Giacomo d'Orlando is a self-taught documentary photographer born and currently based in Italy. He began career as an advertising photographer in 2011, but in 2015 he decided to move to Nepal and then Peru in order to enter the world of...
Focus:Photographer, Photojournalist, Travel, Environment, Documentary, Photography, Portraiture, Arts & Culture, Freelance, Civil Rights and Social Inequality, Assignments, International, Climate, Environmental Stories
Daily wage workers and those on the lower end of the socio-economic spectrum are suffering more the effects of the pandemic. Many women deprived from their only source of income, become more economically dependent from their husbands. This consequence increase inevitably the social disparity, feeding one of the main causes of the gender-based violence.
The pandemic have changed drastically the everyday life of Nepali, who were spend their time mostly in the streets, especially gathering in the markets. Many makes in Kathmandu have been closed in order to limit the spread of the pandemic, leaving behind them a surreal scenario.
In the last months the work of the police section specialized in gender based violence increase drastically. During the pandemic women and girls are at higher risk of intimate partner violence and other forms of domestic violence.
After having received a signalation from the community of Udaypur, a woman victim of violence has been rescued from the social operators who will help her to overcome her traumas.
Sanchita (44) developed mental health issues following an episode of violence happened outside her village borders. She never wanted to say what happened to her because she didn’t want to live again her trauma. She was signalized her community who wanted to help her due her tendency to isolate herself. After a period of almost one year spent in a Mental Health Centre in Kathmandu, she came back with her family in Udaypur. Now she is followed by the Katari Municipality which providing her medicine support in order to keep stable her psychological conditions.
Leaving the community for a gender based violence victim is never an easy step. Admitting the need of an external help can be psychologically very hard for a survivor.
Kamala (35) is a woman who suffered discrimination and violence by her community after she has developed a psychotic disorder. Due to her conditions, she begun to isolate herself, refusing any help coming from her family worsening her physical and mental health. Her family sought help and convinced her to stay in a mental health center in Kathmandu for a period of six months. Currently she has been reintegrated with her family and with a constant medicine support her mental conditions are improved.
Pramila is crying while she is telling her dramatic story to a psychologist in charge of compile the GBVIMS (Gender Based Violence Information Management System) form.
Reliable data is crucial to informing the humanitarian response to gender-based violence. The humanitarian community had not had a tried-and-tested approach for the collection, management and sharing of GBV-related data generated through service delivery. A robust GBV information management system now exists, and has been implemented in over 20 countries over nearly 10 years.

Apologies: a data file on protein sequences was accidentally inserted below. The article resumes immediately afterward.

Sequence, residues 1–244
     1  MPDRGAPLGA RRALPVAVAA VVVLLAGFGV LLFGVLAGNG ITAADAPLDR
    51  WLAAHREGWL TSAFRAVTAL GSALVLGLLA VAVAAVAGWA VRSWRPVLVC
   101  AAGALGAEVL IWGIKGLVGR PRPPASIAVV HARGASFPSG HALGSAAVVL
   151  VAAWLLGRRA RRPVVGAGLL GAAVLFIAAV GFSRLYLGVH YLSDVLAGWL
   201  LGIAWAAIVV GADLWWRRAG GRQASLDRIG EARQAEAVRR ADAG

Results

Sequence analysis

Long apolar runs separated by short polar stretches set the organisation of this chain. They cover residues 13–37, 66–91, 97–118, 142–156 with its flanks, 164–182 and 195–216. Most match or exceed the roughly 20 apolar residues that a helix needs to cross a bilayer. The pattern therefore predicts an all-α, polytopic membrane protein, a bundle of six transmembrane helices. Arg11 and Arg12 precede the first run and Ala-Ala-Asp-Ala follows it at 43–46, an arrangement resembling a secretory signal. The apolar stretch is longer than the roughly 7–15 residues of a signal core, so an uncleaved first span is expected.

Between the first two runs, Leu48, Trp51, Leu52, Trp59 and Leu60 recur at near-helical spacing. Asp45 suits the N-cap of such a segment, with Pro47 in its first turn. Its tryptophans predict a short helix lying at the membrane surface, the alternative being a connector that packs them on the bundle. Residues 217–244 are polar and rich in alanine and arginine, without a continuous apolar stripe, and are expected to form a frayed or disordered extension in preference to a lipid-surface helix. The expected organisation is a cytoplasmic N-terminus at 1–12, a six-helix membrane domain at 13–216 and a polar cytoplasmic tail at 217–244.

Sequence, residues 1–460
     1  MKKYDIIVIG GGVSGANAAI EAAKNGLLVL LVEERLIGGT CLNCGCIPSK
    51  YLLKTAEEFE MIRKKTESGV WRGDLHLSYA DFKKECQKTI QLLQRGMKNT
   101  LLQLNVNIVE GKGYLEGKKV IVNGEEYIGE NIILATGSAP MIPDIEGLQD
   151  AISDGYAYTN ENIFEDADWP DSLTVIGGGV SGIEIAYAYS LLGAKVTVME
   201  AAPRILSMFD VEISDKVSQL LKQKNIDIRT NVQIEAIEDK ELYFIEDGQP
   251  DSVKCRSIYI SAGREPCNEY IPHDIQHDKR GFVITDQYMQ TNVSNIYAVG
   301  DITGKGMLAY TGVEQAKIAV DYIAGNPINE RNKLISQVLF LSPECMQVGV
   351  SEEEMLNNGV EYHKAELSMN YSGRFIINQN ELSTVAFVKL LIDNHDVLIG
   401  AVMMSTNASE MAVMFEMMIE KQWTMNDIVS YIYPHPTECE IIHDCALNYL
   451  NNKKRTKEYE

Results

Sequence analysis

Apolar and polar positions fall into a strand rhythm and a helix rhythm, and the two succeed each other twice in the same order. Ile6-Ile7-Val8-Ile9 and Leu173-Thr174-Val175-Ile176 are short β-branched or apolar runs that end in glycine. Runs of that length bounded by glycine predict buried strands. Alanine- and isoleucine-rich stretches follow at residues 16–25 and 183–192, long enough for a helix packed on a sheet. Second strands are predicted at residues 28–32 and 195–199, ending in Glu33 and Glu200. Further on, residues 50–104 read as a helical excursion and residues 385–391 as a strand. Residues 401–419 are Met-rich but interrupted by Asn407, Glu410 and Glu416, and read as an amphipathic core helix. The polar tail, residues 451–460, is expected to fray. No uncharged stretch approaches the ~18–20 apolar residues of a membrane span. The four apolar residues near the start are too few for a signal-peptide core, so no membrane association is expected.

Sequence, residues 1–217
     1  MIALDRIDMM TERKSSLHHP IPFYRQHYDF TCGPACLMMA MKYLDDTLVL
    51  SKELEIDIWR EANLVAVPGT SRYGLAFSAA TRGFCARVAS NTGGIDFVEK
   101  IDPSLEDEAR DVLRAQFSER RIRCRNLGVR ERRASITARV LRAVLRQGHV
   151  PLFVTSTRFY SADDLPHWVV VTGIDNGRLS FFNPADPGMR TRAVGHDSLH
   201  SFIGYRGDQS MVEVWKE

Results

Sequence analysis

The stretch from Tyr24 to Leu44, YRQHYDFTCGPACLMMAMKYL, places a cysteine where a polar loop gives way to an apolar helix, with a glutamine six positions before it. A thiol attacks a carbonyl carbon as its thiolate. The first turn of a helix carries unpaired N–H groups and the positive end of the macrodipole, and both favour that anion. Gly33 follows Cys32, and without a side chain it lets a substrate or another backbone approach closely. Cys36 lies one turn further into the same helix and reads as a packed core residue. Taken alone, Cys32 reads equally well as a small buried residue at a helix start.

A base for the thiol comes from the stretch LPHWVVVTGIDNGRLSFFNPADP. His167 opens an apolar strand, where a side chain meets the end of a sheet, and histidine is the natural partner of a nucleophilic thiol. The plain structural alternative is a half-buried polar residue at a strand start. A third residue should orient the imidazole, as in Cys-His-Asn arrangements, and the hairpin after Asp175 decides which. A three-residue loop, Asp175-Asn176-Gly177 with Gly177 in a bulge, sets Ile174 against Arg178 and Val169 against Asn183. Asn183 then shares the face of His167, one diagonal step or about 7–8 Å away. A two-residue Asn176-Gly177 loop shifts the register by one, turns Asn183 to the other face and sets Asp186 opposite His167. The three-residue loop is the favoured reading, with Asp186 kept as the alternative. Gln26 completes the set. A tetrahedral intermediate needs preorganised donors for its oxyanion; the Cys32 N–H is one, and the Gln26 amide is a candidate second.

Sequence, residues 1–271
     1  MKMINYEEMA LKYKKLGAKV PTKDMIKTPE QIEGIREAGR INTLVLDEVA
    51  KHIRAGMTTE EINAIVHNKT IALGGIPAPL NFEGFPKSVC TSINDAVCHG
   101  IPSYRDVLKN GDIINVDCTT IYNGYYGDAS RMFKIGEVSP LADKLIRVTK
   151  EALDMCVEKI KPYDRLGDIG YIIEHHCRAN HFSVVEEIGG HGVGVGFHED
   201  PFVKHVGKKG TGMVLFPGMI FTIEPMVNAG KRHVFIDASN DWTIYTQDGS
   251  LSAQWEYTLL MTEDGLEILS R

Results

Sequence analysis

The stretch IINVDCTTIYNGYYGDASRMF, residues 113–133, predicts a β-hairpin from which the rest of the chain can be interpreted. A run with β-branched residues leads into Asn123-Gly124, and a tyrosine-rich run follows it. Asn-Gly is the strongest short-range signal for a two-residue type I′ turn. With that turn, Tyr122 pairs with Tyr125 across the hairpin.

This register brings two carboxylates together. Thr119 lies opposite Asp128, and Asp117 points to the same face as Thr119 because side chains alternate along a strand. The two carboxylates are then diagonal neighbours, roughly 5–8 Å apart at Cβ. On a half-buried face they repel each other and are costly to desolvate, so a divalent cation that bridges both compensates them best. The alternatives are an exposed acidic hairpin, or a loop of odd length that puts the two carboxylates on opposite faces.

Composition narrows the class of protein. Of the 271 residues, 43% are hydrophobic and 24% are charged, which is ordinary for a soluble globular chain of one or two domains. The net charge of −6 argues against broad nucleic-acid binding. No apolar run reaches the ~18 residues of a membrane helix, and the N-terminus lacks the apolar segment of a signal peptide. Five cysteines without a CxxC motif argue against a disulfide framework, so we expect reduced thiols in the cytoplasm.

As a result of a suffered violence, Samiska is not able to open her hand properly anymore. This happened because the woman was accustomed to close her hand as tight as possible in order to vent silently her anger caused by the perpetrated violence.
Laxmi is an orphan girl from Ramechhap. Due to her inability of providing for herself during her childhood she was often victim of violence. At the age of 17 she has been taken in custody by Apeiron after a report by the local police and brought to the “Safe House”. She stayed in the shelter for women victim of violence for a year, following literacy programs and cooking class. After a year spent in the shelter, she came back to her community where she is currently working as a cook in a local Hotel.
During the pandemic, the Nepali Government decided to hang "Awareness Banners" above every central street of Kathmandu. This action aim to help people to be more conscious about the new rules applied during this particular period.
Sudha was raped at the age of 15 while she was working as a waitress in a small restaurant. For shame, she didn't say anything about what happened to her until she couldn't hide the pregnancy anymore. Her family kicked her out home because according to them she brought dishonor on family's name. Once was sent to the District shelter run by the Government, she was in danger because the family wanted to get her married in order to avoid the problem that she caused. Later she was sent to Casa Nepal, a "Safe Home" provided by the NGO “Apeiron" where the women victim of violence are helped to overcome their traumas. Once Sudha arrived there, she has been followed by the social operators and she give birth to her baby. At the age of 16 she came back to school thanks to Apeiron support and at the age of 18 she begun to work in "SanoNani" a separated project of the same NGO. In the meantime she is finishing her studies, becoming a good mother with a perspective of a bright future.